Posts by Neha Ganesh

Roundup: Calving, ‘Record grooves’ and Story Maps

Posted by on Mar 9, 2015 in All Posts, Featured Posts, News, Roundup, Science | 0 comments

Roundup: Calving, ‘Record grooves’ and Story Maps

Spread the News:Share Calved Greenland Iceberg  “Iceberg calving is ultimately related to the mechanical failure of ice. However, predicting mass loss from calving events remains challenging because calving takes on diferent forms under different conditions. For example, large tabular icebergs sporadically detach from freely foating ice tongues with many years of quiescence between major calving events” Read more on the physics of iceberg calving here.   Telling a Glacier Story through Maps   “Alaska Ice: Documenting Glaciers on the Move is an Esri Story Map which uses satellite imagery and comparisons of modern & vintage photographs to document Alaska’a glaciers.” Read more on ESRI’s Story Maps and Time-lapse here.   Linking Earth’s Ice Ages to Ocean Floor topography “The evidence comes from seafloor spreading centers: sites throughout the ocean where plates of ocean crust move apart and magma erupts in between, building new crust onto the plates’ trailing edges. Parallel to these spreading centers are “abyssal hills”: long, 100-meter-high ridges on the diverging plates, separated by valleys. On bathymetric maps of seafloor topography, they look like grooves on a record. These grooves, it now turns out, play the tune of Earth’s ice ages.” Read more on ‘Record grooves’ at Science.             Spread the...

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Photo Friday: Iceland’s Black Sand Beaches

Posted by on Mar 6, 2015 in All Posts, Featured Posts, Images | 0 comments

Photo Friday: Iceland’s Black Sand Beaches

Spread the News:ShareWhen a volcano erupts from underneath a glacier, pulses of meltwater deposit materials in outwash plains. The 1918 subglacial Katla volcano eruption in southern Iceland formed the Mýrdalssandur glacial outwash plain. This plain, which covers hundreds of square kilometers, includes a number of striking  black sand beaches, including a particularly well-known one in the town of Vík í Mýrdal. Here is a selection of photos of Iceland’s black sand beaches with large ice fragments and sand dunes,  set against the backdrop of glacial ice caps. Photos are courtesy of Neha Ganesh and Flickr users James West, Ade Russell and Oliver Rich. For more information about Iceland’s volcanoes and glaciers, look here and here.   Black Sand Beach, Iceland Image Courtesy: Neha Ganesh Black Sand Dunes, Iceland Image Courtesy: Neha Ganesh Black Sand Beach, Iceland Image Courtesy: Neha Ganesh Black Sand Beach in Vík í Mýrdal, Iceland Image Courtesy: Neha Ganesh   Photo Friday highlights photo essays and collections from areas with glaciers. If you have photos you’d like to share, let us know in the comments, by Twitter @glacierhub or email us at glacierhub@gmail.com.    Spread the...

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Mapping South Asia’s Glaciers

Posted by on Mar 5, 2015 in All Posts, Communities, Featured Posts, Images, Science | 0 comments

Mapping South Asia’s Glaciers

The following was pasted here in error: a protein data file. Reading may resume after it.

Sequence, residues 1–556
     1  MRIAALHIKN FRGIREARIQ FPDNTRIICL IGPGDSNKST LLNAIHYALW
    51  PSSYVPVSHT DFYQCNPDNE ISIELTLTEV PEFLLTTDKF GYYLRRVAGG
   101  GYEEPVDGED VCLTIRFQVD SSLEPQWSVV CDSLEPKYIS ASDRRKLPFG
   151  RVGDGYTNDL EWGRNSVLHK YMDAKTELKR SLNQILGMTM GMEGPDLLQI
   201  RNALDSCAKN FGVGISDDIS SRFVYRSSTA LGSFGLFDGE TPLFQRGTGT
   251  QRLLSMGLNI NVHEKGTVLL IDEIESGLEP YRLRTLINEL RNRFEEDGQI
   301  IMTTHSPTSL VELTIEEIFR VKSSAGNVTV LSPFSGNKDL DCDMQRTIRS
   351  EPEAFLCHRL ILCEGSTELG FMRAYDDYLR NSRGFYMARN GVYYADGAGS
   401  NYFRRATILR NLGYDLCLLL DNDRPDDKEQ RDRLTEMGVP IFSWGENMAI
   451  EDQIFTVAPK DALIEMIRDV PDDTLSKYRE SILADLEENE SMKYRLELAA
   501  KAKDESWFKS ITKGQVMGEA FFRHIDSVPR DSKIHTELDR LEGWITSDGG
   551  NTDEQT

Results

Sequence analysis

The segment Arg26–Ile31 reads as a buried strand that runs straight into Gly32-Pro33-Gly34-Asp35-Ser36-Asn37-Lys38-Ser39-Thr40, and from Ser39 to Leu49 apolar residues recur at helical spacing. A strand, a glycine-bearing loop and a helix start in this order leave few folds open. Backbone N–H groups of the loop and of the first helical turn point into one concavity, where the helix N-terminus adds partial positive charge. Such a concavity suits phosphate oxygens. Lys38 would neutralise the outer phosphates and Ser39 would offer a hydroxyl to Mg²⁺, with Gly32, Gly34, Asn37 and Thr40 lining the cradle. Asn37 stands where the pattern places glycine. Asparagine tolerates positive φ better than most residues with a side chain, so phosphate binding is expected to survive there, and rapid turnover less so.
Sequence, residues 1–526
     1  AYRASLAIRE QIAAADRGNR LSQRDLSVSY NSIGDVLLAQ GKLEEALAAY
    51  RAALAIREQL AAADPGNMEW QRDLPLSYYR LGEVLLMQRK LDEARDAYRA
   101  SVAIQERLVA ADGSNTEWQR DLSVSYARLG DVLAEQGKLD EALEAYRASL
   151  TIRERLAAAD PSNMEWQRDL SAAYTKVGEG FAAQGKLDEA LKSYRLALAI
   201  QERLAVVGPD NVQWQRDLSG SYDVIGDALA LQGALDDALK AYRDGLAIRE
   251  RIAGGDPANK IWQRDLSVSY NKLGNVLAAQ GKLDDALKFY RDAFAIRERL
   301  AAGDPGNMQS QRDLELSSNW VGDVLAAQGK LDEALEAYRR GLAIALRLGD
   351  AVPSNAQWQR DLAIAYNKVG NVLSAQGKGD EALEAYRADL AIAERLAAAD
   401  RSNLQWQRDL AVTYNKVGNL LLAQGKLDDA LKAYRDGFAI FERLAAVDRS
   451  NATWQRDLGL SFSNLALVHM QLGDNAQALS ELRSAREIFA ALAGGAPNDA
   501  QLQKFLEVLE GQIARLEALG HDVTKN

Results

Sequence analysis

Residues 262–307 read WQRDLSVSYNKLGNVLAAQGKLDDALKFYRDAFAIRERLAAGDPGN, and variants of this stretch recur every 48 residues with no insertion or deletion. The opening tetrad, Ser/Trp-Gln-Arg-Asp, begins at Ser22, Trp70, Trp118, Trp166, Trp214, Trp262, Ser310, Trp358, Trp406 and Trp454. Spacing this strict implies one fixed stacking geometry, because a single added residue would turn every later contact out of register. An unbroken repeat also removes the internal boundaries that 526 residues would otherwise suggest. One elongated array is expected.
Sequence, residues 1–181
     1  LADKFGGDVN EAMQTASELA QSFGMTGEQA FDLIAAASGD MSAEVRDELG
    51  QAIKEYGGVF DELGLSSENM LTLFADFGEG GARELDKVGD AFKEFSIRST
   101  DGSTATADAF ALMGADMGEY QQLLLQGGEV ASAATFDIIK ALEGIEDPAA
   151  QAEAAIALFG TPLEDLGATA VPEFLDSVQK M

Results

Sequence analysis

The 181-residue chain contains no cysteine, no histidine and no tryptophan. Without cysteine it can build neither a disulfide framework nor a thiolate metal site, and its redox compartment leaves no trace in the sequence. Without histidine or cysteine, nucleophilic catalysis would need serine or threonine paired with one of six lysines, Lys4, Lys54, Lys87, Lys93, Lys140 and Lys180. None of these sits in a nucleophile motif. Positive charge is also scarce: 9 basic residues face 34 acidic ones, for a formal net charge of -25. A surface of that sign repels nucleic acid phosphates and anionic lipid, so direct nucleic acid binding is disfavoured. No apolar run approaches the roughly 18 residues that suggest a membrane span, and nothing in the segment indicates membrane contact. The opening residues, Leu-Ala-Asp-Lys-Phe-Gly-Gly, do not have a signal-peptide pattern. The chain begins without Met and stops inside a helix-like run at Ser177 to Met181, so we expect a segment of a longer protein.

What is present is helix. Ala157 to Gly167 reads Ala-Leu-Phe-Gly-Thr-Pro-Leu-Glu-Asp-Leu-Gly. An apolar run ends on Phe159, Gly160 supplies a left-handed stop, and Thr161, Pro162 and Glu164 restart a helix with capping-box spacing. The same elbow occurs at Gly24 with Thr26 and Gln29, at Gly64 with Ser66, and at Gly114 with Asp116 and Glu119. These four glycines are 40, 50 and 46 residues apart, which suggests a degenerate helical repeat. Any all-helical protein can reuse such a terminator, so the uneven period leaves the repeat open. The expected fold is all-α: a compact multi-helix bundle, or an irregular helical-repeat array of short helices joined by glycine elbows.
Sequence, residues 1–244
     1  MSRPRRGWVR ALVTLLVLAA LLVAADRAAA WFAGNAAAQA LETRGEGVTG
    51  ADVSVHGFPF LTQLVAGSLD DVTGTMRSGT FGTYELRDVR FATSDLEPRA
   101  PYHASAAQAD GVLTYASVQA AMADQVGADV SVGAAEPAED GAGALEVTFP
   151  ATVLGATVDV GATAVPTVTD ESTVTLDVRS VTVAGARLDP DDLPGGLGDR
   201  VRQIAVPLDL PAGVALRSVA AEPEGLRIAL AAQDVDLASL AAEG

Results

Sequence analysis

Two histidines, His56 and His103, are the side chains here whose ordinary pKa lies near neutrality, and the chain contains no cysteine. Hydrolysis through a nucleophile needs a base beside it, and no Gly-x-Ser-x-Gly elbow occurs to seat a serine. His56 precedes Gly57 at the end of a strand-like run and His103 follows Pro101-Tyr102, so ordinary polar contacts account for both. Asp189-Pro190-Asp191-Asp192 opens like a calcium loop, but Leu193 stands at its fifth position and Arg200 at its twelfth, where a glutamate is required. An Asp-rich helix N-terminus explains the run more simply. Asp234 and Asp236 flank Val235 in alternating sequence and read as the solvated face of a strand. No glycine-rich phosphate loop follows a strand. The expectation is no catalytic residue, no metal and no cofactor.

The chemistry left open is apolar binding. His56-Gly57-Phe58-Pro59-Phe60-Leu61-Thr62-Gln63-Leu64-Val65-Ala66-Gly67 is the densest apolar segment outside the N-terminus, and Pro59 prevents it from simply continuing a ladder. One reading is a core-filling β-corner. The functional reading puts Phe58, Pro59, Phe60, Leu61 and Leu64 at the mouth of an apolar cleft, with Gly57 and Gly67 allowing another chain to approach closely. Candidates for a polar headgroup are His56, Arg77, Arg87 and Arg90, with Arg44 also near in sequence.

Spread the News:ShareRecent research has provided valuable information on glacier processes in the Hindu Kush Himalaya (HKH) mountains of South Asia, a region often called the “Third Pole” because it contains the largest area of ice outside the Arctic and Antarctic. Glacier retreat in this region has attracted considerable scientific and media attention. The 2007 Fourth Assessment Report of the Intergovernmental Panel on Climate Change (IPCC) stated that Himalayan glaciers were shrinking faster than those in other parts of the world, and would likely be gone by the year 2035. This comment became controversial in 2009 because of its inaccuracy and weak basis in scientific research, and because glacier retreat in this region has major consequences for water supplies in one of the most densely-populated regions of the world. The IPCC made subsequent corrections in 2010. This video from 2010, ‘Himalayan Glaciers Melting Faster Than Anywhere Else in World,’ conveys the tone of concern during the period of the controversy.   Stemming from this controversy, documenting the glacier coverage in the HKH has become a topic of critical importance. A recent study by Bajracharya et al. (2015) helps establish the extent of glacier coverage in the HKH region and the rate of glacier change in several basins in this region. The rugged topography and the poor road networks in the HKH region have limited ground-based data collection. Remote sensing is therefore an attractive alternative. Bajracharya, a researcher at ICIMOD in Kathmandu, and his colleagues utilized satellite images, combining them in some cases with available ground-based data. The study maps glacial coverage and retreat for a period extending from about 1980 (the precise date varies from location to location) through 2010. They map the decadal glacial change for the 1980s, 1990s and 2000s  for four large representative basins which span the HKH region from west to east. The study basins are the Wakhan Corridor in Afghanistan, the Shyok Basin in Pakistan, the Imja Valley in Nepal, and the Lunana region in Bhutan. Glacier melt is a critical source of  drinking and irrigation water for large populations in the regiona and critical to hydropower generation as well; glacial processes are also important because of the associated risks of glacier lake outburst floods (recap Imja Lake in Nepal). So what can be learned from these newly assembled and analyzed data? First, the study reports, that despite the importance of glaciers in the HKH  region, they cover only 1.4% of the region. In addition, it finds that glacier retreat is proceeding at different rates in different places. The most rapidly retreating glaciers are the ones located below 5000 m above sea level and the ones that are smallest in area. Combining these factors, the most impacted basin in the study is the Wakhan Corridor in Afghanistan. The contributions of this study notwithstanding, scientific challenges in the HKH remain. The researchers note that there is continued uncertainty about glacier retreat and downstream impacts, because of uncertainties about future climate change and about the responses of glaciers to this change in this region, for which research remains incomplete.  This study sets the stage for future research, looking to past data and suggesting directions of future work. This prize-winning video from UNDP, the ‘Himalayan Meltdown,’ provides a thorough overview of the region and shows the need for ongoing research.         Spread the...